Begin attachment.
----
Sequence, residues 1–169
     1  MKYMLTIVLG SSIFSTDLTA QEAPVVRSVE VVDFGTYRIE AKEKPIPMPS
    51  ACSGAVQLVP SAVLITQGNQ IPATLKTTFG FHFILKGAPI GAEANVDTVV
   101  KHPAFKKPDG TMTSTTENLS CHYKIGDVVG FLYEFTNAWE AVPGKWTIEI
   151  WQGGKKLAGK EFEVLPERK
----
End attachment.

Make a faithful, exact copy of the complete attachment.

Sequence, residues 1–169
     1  MKYMLTIVLG SSIFSTDLTA QEAPVVRSVE VVDFGTYRIE AKEKPIPMPS
    51  ACSGAVQLVP SAVLITQGNQ IPATLKTTFG FHFILKGAPI GAEANVDTVV
   101  KHPAFKKPDG TMTSTTENLS CHYKIGDVVG FLYEFTNAWE AVPGKWTIEI
   151  WQGGKKLAGK EFEVLPERK